Washington Report on Middle East Affairs
December 1, 1998 | Khayat, Abdullah
What used to be a routine annual interfaith breakfast hosted by the president of the United States during the Labor Day weekend gained added and special meaning this year because of the denials, falsehoods and begrudging admissions of William Jefferson Clinton regarding his personal moral behavior. Starting in January of this year with reports of Clinton’s affair with White House intern Monica Lewinsky, the president’s own interpretation of what constituted sex, and subsequent disclosures from the Office of the Special Prosecutor, Kenneth Starr, that rebutted him, the country has been subjected day in and day out to the lurid details. All this has also been on the Internet and has reached the whole world via satellite television.

It was under these circumstances that President Clinton invited community leaders and men of God from different faiths to join him in a prayer breakfast.
However, the White House invitation posed a serious dilemma for Muslim leaders across the board. Some of those invited stayed away from Washington. Others arrived in town but then huddled together to discuss the implications of their attendance at the breakfast meeting.
They debated whether their presence at the White House could be exploited as condoning the president’s behavior. Some were willing to honor the invitation but would not make any public statement on the subject. Others decided to forego the breakfast meeting.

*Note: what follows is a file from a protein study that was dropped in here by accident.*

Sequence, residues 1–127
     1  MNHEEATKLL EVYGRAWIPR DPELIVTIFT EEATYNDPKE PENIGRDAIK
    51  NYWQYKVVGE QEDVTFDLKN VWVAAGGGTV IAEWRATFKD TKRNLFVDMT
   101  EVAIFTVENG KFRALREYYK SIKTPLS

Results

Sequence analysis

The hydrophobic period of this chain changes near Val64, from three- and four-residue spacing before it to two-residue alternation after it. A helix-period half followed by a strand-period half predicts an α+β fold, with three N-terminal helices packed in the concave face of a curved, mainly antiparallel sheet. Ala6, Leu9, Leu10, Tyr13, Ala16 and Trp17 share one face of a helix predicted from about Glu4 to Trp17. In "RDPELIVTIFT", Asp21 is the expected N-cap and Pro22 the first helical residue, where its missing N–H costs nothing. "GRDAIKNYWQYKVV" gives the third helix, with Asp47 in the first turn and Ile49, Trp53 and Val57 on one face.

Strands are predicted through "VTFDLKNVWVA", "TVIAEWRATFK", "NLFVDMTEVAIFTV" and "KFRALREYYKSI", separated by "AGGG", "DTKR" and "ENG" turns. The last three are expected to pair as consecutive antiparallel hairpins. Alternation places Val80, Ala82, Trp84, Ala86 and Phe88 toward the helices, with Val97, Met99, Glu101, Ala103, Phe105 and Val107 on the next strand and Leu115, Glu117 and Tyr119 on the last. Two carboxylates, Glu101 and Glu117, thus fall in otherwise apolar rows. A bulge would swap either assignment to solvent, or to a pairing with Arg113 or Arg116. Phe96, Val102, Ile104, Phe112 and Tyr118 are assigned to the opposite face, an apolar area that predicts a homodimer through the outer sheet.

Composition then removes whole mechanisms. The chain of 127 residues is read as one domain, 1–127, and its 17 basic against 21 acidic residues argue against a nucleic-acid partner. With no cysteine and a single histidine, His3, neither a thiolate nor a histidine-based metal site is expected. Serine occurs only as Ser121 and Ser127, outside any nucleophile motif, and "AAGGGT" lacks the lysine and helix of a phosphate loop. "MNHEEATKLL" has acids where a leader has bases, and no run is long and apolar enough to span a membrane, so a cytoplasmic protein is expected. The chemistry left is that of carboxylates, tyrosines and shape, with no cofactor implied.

Among those who were invited but did not attend the breakfast were Warith Dean Mohammed, leader of the largest African-American Muslim organization; Jameel El Ameen, imam of a chain of mosques in and around Atlanta; and Seraj Wahaj, an activist and imam from New York. Representatives from the Islamic Society of North America (ISNA), the Islamic Circle of North America (ICNA), and the Muslim Public Affairs Committee (MPAC) also excused themselves.
Other Muslim leaders, however, did attend the White House breakfast. There they saw that President Clinton, in Jimmy Swaggart style, acknowledged on national television with teary eyes that he had “sinned” and sought the forgiveness of the nation. At the prayer breakfast he also, for the first time, directly apologized to Monica Lewinsky and her family.
At the time of the breakfast, public opinion polls showed that Clinton’s character rating had gone down considerably, but his performance as a president remained high.
The invitations, which would have been greatly welcomed a few years ago, instead confronted the growing Muslim community in America with a difficult choice. As it is, given their adherence to the tenets of Islam, which in fact impose a distinct lifestyle, American Muslims have been carefully tiptoeing their way through the permissive society that surrounds them. The charges against Bill Clinton, therefore, have posed a serious challenge. The issue is one of morality, but it is loaded with legal and political ramifications.
With their growing numbers and self-awareness, the Muslim leadership in America has been seriously studying ways to enter the political mainstream and to make a difference for the better in the electoral process. The question of the breakfast invitations demonstrated that entering the American political scene may pose a whole new set of problems even more difficult than those Muslims already have overcome in simply deciding to participate.

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